Bristol landlords already struggling due to skyrocketing energy costs and cheap supermarket booze fear that a third change could see pubs shut down for good. Around forty venues with outdoor seating on car parks and pavements will have to give this up when a temporary law expires in October.
The Traffic Orders Procedure (Coronavirus Amendment) Regulations 2020 has made it easier for local authorities to authorise extended road closures so that pubs could accommodate customers without breaking social distancing rules. But this short-term law ends next month, leaving some venues without any outdoor seating.
Some worry that, after two years of reduced trade and uncapped business power bills rising by unlimited amounts, lower seating capacity will see outgoings eclipse their income and force them to call time on their venue. Ben Cheshire, landlord at The Coronation in Southville, expects his takings to fall by up to four fifths.
“Right now we have seats outside the pub, on the pavement and in two parking bays,” said Ben. “They’re taking all that outside space away from October and I expect I’m going to lose at least 50 percent of my trade.”
Ben believes that the actual decline in business may be much larger than this, as habits have changed since the Covid pandemic and an unusually hot summer. “Drinking culture has changed,” he explained. “No one wants to sit inside any more, so trade could actually be as much as 80 percent lower.”
Ben has contacted Bristol City Council, which has allowed him to have outdoor seating for the past two years, but has been told that there is nothing the local authority can do. “They’ve just said the legislation expires at the end of October so they won’t give out any more TTROs,” he explained.
“They just say we’re sorry, we can’t help – we hope you made the most of it. So I’m going to lose at least 50 percent of my trade and probably 60 percent of my staff. This sets me further back than before the pandemic, because my regulars have all either died and moved on.”
He added: “This is pandemic levels of bleak, for me. I’ve worked at this pub for eleven years, managed it for six and owned it for four. The worst case scenario is, that could all be coming to an end. Because it’s unlikely I’ll be making a profit from it any more.”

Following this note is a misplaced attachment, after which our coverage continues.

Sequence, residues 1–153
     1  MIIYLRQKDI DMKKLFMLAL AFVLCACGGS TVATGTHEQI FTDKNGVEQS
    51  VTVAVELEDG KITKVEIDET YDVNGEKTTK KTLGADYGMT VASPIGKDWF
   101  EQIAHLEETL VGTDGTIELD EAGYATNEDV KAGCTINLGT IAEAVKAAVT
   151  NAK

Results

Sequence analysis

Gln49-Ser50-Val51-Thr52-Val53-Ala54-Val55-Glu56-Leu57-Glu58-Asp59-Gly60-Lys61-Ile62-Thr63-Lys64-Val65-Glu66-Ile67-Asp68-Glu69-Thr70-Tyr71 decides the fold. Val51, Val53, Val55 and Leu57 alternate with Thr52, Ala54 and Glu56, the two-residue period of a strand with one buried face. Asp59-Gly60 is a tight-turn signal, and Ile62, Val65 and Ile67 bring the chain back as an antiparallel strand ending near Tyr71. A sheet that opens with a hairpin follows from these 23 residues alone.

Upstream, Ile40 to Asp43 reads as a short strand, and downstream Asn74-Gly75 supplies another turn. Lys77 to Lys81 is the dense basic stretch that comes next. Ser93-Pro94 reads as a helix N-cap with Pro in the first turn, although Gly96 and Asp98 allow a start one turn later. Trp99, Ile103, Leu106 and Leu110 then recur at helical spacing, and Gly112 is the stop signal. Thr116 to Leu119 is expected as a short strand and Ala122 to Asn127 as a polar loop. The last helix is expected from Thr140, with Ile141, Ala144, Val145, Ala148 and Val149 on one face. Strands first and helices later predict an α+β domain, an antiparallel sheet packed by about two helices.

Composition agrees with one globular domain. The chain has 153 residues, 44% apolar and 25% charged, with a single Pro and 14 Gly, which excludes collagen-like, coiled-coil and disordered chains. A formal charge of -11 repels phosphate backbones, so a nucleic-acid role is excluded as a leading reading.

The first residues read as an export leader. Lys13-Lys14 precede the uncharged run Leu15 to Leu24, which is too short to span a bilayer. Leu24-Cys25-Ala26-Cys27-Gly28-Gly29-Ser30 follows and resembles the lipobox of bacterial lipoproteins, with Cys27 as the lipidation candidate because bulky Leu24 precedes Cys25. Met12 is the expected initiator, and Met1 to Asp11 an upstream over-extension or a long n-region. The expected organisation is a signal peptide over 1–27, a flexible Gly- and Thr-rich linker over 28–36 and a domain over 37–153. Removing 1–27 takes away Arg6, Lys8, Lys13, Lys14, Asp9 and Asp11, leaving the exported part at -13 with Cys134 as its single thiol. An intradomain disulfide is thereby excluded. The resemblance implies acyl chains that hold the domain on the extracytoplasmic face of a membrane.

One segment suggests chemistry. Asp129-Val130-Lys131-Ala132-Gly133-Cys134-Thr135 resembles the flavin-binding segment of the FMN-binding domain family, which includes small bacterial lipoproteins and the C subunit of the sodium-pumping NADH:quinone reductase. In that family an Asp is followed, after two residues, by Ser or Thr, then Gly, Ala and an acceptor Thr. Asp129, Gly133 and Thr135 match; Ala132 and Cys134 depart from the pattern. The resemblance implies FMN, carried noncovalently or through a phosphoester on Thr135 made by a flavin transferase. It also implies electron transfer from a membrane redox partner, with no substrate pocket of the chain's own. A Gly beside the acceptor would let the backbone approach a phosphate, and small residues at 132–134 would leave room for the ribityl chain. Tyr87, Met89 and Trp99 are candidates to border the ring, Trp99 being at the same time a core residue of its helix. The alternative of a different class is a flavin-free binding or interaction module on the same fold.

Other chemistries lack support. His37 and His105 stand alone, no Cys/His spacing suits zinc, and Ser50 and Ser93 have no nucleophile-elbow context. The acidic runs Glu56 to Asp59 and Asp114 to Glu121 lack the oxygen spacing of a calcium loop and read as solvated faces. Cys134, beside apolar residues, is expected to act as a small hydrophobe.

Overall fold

While some roads like King Street and Princess Victoria Street have been pedestrianised, increasing the scope for open-air seating, others have not. And while pubs with wide pavements can apply for pavement seating licences, those on narrower footpaths cannot.
Brendan Murphy is co-founder of BARBI, an organisation promoting bars, restaurants and independent music venues in the city. Since 2017 BARBI has stood up for businesses by lobbying the local authority and advising the industry on services and products available to them.
He says that up to forty Bristol entertainment businesses will be affected by a return to pre-pandemic legislation. “There are lots of places with little huts or chairs and tables in parking spaces,” he said. “A lot of those will have to go.
“You can have a tables and chairs licence, but only where the pavement is at least 1.8m wide. So that would work for Gallimaufry for instance, but not The Coronation.”
The impact on many local inns will be quick and devastating, BARBI predicts. “Takings will be down massively,” said Brendan. “But this could be the final nail in the coffin for many, so we want to see some common sense help for the hospitality industry.”
Those who are not forced to close will still have to reduce costs where they can – and the cost of living crisis and Brexit mean that both cheaper produce and cheaper energy tariffs are unlikely. “The only savings they will be able to make are in staff,” said Brendan. “We may see staff without enough hours, or pubs which are only open Thursday to Saturday.”
BARBI have been in touch with Bristol City Council about the issue, but claims the local authority has washed its hands of the situation. “We’re discussing whether BCC can do something themselves or whether, as they’re telling us, it’s down to the government,” he said.
“But [national industry lobbyists] UKHospitality is saying BCC could do something, that it is within their power. We are working to see if there is a solution because this is going to have a disastrous effect on lots of businesses.”
BARBI has begun a petition for local action on the issue, urging the council to "use all their powers to extend the use of the roadside for hospitality businesses and retain those structures that are currently in place".
Brendan added: “All venues are currently allowed to have offsales, so you can buy a beer, walk out and drink it on the road. That lasts until 2023. So we’re asking, does it not make more sense if people were in a demarcated area of the road, rather than just standing in the road with traffic passing?”
A spokesman for Bristol City Council said: "Supporting venues through the pandemic with temporary outdoor seating space was a key part of our strategy to ensure Bristol’s hospitality sector had the opportunity to survive the challenges of Covid-19.
"Under temporary legislation introduced by the government in July 2020, the council was able to change areas of the carriageway, such as a parking bay, into a footway to make it eligible for a pavement licence.
These temporary licences will expire in October and the temporary legislation ceased in April 2021, so no new Traffic Orders can now be produced without new powers being granted by Westminster."
He added: "We would welcome the opportunity to join businesses in further lobbying the government for new powers that give councils greater flexibility on this to offer more support as the national cost of living crisis worsens."
Bristol Live contacted UKHospitality for clarification of their claims that local authorities, but no response had been received at the time of publication.